Economies – North and South

The cost of living crisis has hit Northern Ireland very severely, with costs rising much faster than incomes. In fact, incomes last year increased more slowly in Northern Ireland than in any other part of the UK — reflecting our greater dependence on the public sector (where pay has been held down by British government policy) and benefits.

Meanwhile, some costs are higher here than elsewhere. Northern Ireland has the UK’s second highest average grocery costs — behind only the high-income South East of England — presumably as a result of higher logistics costs to ship items here. And housing costs are rising faster in Northern Ireland than in any other part of the UK — and in recent years at a rate twice that of the UK average. But, of course, housing is even more expensive in Ireland, especially in Dublin, while being even more costly again in London.

These are headline findings from a paper of mine recently published by ARINS (Analysing and Researching Ireland, North and South), which compared the costs and standards of living between Northern Ireland, Great Britain and the Republic of Ireland.

It is widely understood that both incomes and the cost of living are higher in the Republic than in Northern Ireland. Once both these factors are taken into account, average disposable income in the Republic is slightly higher than in Northern Ireland, while being higher again in Great Britain.

Averages, of course, hide many individual differences. Pensioner poverty is significantly lower in the Republic of Ireland (at 6.8%) than in the UK (at 15.5%), In part, this is the result of state pensions and welfare benefits being higher in the Republic than in the UK.

The Republic is generally a more equal country than the UK, with a more progressive tax system.

Income inequality sits at 13.1% in the Republic, against 18.6% in the UK. The figure for Northern Ireland is slightly lower, at 18%, as a result, in part, of mitigations here of some British welfare reforms, but also because of a lower pay culture and fewer people being on the very highest pay levels. In fact, Northern Ireland has the lowest employee pay average of any UK region.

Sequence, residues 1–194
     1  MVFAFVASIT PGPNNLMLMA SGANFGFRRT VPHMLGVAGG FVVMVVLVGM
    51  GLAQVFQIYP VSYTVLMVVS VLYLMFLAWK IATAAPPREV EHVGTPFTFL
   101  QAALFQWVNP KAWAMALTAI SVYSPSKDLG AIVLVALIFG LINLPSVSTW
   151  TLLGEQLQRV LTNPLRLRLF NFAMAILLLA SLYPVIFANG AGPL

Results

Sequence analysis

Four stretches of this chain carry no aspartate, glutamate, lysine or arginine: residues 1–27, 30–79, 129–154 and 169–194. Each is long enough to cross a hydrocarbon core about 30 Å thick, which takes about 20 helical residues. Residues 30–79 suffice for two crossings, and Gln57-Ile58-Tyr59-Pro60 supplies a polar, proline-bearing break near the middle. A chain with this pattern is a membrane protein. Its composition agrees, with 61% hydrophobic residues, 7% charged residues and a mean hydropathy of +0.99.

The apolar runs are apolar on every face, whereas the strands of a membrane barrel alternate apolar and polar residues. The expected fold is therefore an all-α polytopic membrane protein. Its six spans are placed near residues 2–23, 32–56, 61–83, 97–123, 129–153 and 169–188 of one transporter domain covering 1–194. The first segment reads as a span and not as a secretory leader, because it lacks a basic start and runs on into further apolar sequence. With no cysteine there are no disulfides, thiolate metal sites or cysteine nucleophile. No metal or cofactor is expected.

A recent opinion poll found that expectations of the impact on personal finances will be a key factor in any referendum on Irish unity, should one take place at some point in the future. None of this information will answer the question of whether an individual would be better or worse off as a result of constitutional change. Any voters anyway may prioritise other factors — not just identity, but also, and crucially, perceptions around the quality of public services.

Health would be an important consideration in this, not least with the NHS in Northern Ireland in a state of severe crisis. The Republic’s health service is also facing serious challenges, but waiting lists are shorter and a series of reforms is under way that have led to more than half of the population being entitled to free GP consultations, while one in three has a medical card that provides comprehensive free healthcare. Average life expectancy is longer in the Republic than in Northern Ireland.

Education and skills would be another core policy consideration. Although there is significant support in Northern Ireland for academic selection, the evidence is that the Republic produces a significantly better qualified workforce and this is an important factor in its much higher levels of productivity, which in turn results in higher national income per person.

It is the similarities between Great Britain, the Republic and Northern Ireland that offer what is perhaps the most concerning policy challenge. All the jurisdictions are weighted heavily in favour of their capital cities — this is true of Dublin, London and Belfast. And this is contrary to the practice, policy and experience of much of mainland Europe.

The North West of the island of Ireland is much poorer than the rest of the island, in much the same way that the North East of England is the weakest region of Great Britain. There is a need for policy makers in Great Britain, Northern Ireland and Ireland to improve the regional distribution of wealth, income and influence.

None of this data predicts what will happen in the future. The Republic has a smaller economy that is dynamic, but more vulnerable to external shocks. On the other hand, the UK’s economic performance has been damaged first by austerity — which negatively impacted education and skills outcomes, in particular — and subsequently by Brexit.

Advocates of Brexit argue that it will produce medium and long term benefits through the UK itself becoming more dynamic and successful. I doubt if that is true, but time will tell.

‘Who is Better-off: the Irish, the Northern Irish or the British?’ is published on the Royal Irish Academy website,, along with a related podcast. 

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